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It's a Shame About Ray (Expanded Edition)

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Editors’ Notes

When It’s a Shame About Ray was originally released in 1992, its twelve original tunes barely clocked in at half an hour. It’s quick, casual, tossed-off nature only enhanced its charm at a time when bands were over-eagerly padding 80-minute CDs. Soon after the album’s release, the Lemonheads cover of Paul Simon’s “Mrs. Robinson” became a modest hit and was appended as a bonus cut to the original album. Now, a b-side “Shaky Ground” and nine demo recordings have been added as well. At first, it’s odd to think these tunes could be more stripped down. The album versions of the masterful pop of  “My Drug Buddy,” “Ceiling Fan in My Soup,” “Bit Part” and the title track all excelled in what felt like bare small-band fashion but these rudimentary demos break things down even further, offering a more intimate look at Evan Dando’s performance abilities (Dando is the one recurring member of the Lemonheads). His effortless grace with a melody makes these tunes deceptive. They may be short, slightly hazy and deliberately vague, but they remain strong and enduring a decade and a half later.

Customer Reviews

Power Pop Masterpiece

Evan dando was one of the best songwriters and underappreciated artists of the 90's. People always talk about Teenage Fan Club and Dinosaur Jr, etc but The Lemonheads were one of the best power pop bands of all time and It's a Shame About Ray was their masterpiece. Every song is brillantly written, executed and played to perfection. Anybody who has ever heard Evan Dando perform solo acoustic knows how great he is by himself, so the acoustic demos here are terrific. It's hard not to like this record and if you don't you really need to question whether or not you like rock and roll or good music for that matter.

Old Memories / New Memories

I've owned this album since it's release in the early '90's. There was no way to guess it then, but it has since made it's way into my life pretty often, and i still have the urge to play it fairly regularly. Listening to it now-a-days brings me back drinking coffee with long lost friends while "Hannah & Gabi" played in the background, having endless summers driving on the beach with "Turnpike.." repeating on the Jeep's cd player, learning how to play "Rudderless" on guitar, and most recently my girlfriend using lines from "Alison's.." in a speech at her sisters wedding. A great buy (made perfect with Juliana Hatfield's backing vox). Just as fresh today as it was years ago.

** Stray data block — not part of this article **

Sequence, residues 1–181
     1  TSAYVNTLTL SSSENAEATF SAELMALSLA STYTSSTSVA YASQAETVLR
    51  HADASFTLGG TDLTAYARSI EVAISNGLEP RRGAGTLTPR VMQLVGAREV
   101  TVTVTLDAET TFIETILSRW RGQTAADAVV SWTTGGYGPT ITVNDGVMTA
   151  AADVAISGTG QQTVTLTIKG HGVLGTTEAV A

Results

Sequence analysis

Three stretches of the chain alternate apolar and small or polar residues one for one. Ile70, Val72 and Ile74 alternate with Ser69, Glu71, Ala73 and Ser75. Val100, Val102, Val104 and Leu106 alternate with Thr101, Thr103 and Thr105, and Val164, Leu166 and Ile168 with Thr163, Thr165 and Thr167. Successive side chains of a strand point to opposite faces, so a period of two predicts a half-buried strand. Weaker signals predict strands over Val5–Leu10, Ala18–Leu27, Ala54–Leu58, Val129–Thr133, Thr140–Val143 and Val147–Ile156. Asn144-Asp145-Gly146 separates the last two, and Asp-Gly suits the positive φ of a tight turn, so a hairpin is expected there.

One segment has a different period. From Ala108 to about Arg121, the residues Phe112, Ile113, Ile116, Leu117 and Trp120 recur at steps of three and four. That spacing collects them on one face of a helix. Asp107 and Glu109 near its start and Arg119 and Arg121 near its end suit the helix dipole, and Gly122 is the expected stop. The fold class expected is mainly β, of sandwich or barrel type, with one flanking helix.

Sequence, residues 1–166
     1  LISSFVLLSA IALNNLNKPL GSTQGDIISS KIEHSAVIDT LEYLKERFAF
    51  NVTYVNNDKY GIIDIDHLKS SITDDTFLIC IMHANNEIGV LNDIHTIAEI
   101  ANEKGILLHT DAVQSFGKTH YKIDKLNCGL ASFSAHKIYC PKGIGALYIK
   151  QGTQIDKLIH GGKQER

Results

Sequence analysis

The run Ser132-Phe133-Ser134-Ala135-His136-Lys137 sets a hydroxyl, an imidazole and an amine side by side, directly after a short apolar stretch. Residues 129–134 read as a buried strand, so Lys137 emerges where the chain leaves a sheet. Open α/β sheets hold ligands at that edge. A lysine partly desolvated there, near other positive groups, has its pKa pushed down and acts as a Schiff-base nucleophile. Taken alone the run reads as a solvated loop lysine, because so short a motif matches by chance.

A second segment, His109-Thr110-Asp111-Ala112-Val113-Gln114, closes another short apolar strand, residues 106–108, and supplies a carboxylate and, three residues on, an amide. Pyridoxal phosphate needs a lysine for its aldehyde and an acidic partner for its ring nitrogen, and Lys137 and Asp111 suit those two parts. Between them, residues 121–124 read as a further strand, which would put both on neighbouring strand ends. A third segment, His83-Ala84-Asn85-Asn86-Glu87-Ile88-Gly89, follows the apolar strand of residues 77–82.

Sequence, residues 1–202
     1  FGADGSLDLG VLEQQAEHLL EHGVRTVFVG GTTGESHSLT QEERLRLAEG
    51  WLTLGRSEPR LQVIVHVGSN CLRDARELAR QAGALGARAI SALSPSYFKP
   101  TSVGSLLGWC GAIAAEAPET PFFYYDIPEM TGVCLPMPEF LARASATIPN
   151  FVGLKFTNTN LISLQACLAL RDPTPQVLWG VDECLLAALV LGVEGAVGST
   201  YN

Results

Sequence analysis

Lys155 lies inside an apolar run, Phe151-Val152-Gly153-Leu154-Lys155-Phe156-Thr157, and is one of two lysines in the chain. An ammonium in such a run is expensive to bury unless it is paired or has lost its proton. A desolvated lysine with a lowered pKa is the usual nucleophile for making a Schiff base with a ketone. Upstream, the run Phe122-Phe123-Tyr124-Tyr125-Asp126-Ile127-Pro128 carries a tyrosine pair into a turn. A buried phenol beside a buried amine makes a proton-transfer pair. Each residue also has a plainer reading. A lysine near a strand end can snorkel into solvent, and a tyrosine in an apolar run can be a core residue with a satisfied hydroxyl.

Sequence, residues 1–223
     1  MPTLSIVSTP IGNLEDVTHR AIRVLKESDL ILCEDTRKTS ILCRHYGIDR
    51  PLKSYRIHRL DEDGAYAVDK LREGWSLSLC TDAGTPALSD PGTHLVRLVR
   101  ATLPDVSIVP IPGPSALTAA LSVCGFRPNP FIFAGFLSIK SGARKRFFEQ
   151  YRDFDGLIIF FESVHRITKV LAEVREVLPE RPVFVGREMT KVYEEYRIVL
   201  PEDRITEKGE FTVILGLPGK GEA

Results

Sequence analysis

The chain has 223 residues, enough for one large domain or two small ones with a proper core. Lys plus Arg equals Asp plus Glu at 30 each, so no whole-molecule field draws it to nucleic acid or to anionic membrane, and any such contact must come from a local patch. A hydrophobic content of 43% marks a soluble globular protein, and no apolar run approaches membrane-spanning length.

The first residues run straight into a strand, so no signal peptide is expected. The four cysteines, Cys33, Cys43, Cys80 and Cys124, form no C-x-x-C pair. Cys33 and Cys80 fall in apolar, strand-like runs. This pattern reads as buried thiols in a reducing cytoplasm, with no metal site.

Snapshot of the 90s, still relevant today

Like its cover art, this album's music feels like a Polaroid snapshot of its time and place--one listen and you'll be imagining loft apartments filled with Doc Martin-wearing gen-Xers, independent coffeehouses with exposed-brick walls (back before anyone outside of Seattle had heard of Starbucks), and slackers wandering around in a mellow heroin haze ("My Drug Buddy"). But unlike most of the other bands that specialized in this style of stripped-down power pop, the Lemonheads still sound as vibrant and relevant as ever. Evan Dando's songs meld catchy melodies with punk-influenced rhythms and unpretentious, vulnerable lyrics. I played my cassette of this album over and over in the nineties...I'm just rediscovering it now, and finding it's every bit as good as I remembered.

Biography

Formed: 1986 in Boston, MA

Genre: Rock

Years Active: '80s, '90s, '00s, '10s

The Lemonheads' evolution from post-Hüsker Dü hardcore punk rockers to teenage heartthrobs is one of the strangest sagas in alternative music. Initially, the group was a punk-pop trio formed by three teenage Boston suburbanites, but over the years, the band became a vehicle for Evan Dando. Blessed with good looks and a warm, sweet voice, Dando became a teen idol in the early '90s, when Nirvana's success made alternative bands commercially viable. While his simple, catchy songs were instantly accessible,...
Full Bio